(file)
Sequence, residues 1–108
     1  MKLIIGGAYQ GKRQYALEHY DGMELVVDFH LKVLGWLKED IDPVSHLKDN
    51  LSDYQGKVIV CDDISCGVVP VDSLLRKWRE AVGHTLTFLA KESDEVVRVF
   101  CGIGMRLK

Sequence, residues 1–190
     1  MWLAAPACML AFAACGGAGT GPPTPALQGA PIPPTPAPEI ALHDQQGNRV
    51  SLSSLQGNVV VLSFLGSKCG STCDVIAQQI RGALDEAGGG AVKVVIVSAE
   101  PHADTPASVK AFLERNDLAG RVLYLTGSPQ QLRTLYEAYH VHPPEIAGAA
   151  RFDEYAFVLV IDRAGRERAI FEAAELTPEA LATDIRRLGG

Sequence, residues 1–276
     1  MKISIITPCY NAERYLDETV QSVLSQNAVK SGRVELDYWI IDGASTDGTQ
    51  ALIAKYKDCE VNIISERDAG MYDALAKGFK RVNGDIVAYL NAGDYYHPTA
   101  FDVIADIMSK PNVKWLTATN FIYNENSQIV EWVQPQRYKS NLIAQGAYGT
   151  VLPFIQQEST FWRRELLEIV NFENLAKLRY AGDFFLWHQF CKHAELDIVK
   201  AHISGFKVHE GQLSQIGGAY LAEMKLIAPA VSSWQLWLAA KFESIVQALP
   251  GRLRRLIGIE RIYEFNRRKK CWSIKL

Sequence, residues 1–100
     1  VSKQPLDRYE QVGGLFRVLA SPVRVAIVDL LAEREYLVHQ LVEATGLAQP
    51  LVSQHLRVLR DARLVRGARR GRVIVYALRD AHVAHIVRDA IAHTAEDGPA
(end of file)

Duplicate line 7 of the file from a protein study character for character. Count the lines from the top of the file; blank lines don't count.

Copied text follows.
    51  SLSSLQGNVV VLSFLGSKCG STCDVIAQQI RGALDEAGGG AVKVVIVSAE